The main reason that we start training is because we are interested in making changes to our physique. When I began to take interest in training my teens, my goal was to look like a superhero.
Strength and performance became more important as I began to compete in track. But aesthetics will always be the most popular reason for the average person.
There are many great training protocols that focus on one of the above three. For example the great 5/3/1 by Jim Wendler is designed mainly for increases in strength. Vince Gironda’s timeless 8×8 is designed mainly for changes in the aesthetic quality of your physique.
Schemes can be adapted to reach different goals, but all schemes are designed for a specific purpose. Yes you will gain more than only strength with 5/3/1. And yes you will gain more than just physique changes with 8×8. But what if there was a way to blend strength, performance, and physique changes into one program?
My goal today is to present you with my RP-21 training scheme which utilizes the underrated and underused rest pause technique. This scheme blends strength, performance, and aesthetics. And the great part about it is that it is as simple as logging into to your email.
What is Rest Pause Training?
RP-21 is based on the rest pause technique of training. Rest Pause is a high value, high intensity training style that is not new at all. As we know most people do not truly commit to a goal when training. The common theme is that a person wants to achieve max levels of all attributes simultaneously. Admirable, but sadly mistaken.
You cannot chase every goal at once. What I want to make crystal clear before moving forward is this. If your goal is specific (strength, performance, etc) no single program can cover every base perfectly.
If was I was training a pure powerlifter, RP-21 would not be his main training scheme throughout the year. His goals are different. He would need to feel heavier loads with longer rests which are not a part of RP-21. Remember this is a blended program, not a specific one. You will get very strong, but this is not a strength specialization plan. This is a total body reconstruction plan.
When training for strength, performance, and lean mass you need a scheme that allows for progressive overload. Without a challenge (load, reps, shorter rest, etc) you are wasting time in the gym. Muscles need new challenges to grow.
3×10 every week with 135lbs on the bench is for casual jabronis. And you are better than that. What if there was a were a way to keep the weight moderately heavy to heavy (70-85% of maximum) while performing more reps with that heavy load in a shorter time frame?
For example if you squat 225×5 for 4 sets resting 3 minutes in between rounds, that is 12 minutes of rest plus let us estimate up to 30 seconds per set. You are probably up near 14-17 total minutes to complete that series of 20 reps. But what if you did 235×3 for 7 sets resting one minute in between rounds. That is 7 minutes of rest plus the estimated 15-20 seconds per set. This puts us at 9-11 minutes to complete those 21 reps while using a heavier load.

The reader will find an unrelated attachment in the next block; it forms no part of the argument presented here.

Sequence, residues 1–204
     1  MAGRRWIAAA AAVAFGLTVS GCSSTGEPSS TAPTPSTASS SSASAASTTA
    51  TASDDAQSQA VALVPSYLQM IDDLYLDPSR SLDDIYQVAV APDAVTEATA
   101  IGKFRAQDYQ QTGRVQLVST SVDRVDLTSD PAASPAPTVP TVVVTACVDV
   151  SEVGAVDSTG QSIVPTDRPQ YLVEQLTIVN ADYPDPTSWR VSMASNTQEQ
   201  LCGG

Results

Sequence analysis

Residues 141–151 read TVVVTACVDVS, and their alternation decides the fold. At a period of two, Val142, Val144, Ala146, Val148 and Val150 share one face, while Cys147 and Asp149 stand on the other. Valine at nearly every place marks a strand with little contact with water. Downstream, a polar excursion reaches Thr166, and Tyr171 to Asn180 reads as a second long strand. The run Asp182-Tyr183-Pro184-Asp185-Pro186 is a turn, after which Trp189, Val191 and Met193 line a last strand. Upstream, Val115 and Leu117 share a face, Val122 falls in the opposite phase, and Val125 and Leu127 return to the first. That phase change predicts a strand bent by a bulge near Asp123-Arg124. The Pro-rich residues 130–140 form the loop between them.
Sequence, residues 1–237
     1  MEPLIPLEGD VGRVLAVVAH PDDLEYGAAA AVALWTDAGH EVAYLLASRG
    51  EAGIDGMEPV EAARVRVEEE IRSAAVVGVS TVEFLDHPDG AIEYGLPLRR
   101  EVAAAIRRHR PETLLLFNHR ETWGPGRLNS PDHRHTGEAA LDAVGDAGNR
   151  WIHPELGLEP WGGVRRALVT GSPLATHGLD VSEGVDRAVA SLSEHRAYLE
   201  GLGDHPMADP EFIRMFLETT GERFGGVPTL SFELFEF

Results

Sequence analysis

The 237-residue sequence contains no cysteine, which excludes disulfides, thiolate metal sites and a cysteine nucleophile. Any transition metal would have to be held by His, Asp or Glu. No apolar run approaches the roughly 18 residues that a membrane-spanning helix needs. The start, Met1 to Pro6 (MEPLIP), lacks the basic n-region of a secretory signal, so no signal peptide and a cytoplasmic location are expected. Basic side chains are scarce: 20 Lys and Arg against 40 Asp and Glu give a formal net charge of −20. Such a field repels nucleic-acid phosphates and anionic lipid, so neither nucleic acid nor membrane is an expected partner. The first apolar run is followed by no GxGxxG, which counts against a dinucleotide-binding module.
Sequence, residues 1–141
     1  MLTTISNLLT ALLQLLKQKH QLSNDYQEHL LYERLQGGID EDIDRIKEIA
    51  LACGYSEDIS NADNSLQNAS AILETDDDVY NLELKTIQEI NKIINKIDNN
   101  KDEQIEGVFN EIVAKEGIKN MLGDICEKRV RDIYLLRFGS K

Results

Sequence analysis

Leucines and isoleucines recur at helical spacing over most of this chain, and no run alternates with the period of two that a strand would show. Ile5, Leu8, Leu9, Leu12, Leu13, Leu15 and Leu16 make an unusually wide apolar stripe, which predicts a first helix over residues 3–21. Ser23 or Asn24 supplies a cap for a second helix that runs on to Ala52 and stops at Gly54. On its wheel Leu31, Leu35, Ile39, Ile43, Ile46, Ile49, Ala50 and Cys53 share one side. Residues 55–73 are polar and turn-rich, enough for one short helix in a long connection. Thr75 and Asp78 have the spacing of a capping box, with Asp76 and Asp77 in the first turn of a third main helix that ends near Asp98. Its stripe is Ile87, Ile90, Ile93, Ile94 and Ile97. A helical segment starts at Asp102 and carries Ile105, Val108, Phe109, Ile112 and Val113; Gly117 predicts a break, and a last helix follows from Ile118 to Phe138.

Rest pause allows you to use a heavier weight broken down in smaller increments to reach a higher volume of work in less time. Don’t you think your legs will respond differently? Could the ultimate blend of using higher weight for higher reps be created?
As I stated earlier, the concept of rest pause is not new. If we look back to the 1950′s we can use the legendary Iron Guru, Vince Gironda as an example. His famed protocol is 8×8. When you break down 8×8 to its base, you can clearly see that it is Rest Pause. This scheme involves 8 sets of 8 reps with a very short (15-30 seconds) rest between sets.
Obviously with a rest interval this short, the load could not be but so heavy or you would have zero chance to complete it. Gironda’s famed 8×8 protocol is supreme for conditioning. It is not designed to build maximum strength. But with RP-21 we are getting a blend of strength and conditioning.
Ok it sounds great, but what is RP-21?
With RP-21 the goal is muscular strength, better performance and increased lean mass gains. In layman’s terms, you will be strong, athletic, muscular, and walking around with new confidence. RP-21 focuses on 7 rest-paused sets of 3 reps each with 70-85% of your max. The wildcard is that the rest periods are only one minute in between sets.
For example 300lbs is your max full squat. Using 70% of your max would leave you at 225lbs. You would use 225lbs for each set of 3 until you reached 21. I would recommend you starting on the low end of the percentage at 70. You do not want to set yourself up to NOT be able to progress in the following weeks.
The opening sets and weight may not feel supremely tough. As each week progresses in the program, the weight gets heavier and the rest feels like it is getting shorter. You are guaranteed to run into a wall of pain and doubt very soon. RP-21 will sneak up on you like Tebow against the Steelers.
Now with training all variables are changeable. Rest periods could be altered to make the set more intense, but that will limit the load you can use. Run this program as written to maximize it. So stick to the one minute rest to maintain heavy loads. Trust me on the big compound movements it gets real!
Initially, I would use 70% of your max for the first week to get a feel for the protocol. I would suggest a 5-10lb increase on squat or deadlift each week and a 2.5-5lb increase on bench press or overhead press or chin up/dip. Progress slowly because the goal is not to hit the wall and burn out. The 21 reps should not be a leisurely walk in the park with your lover.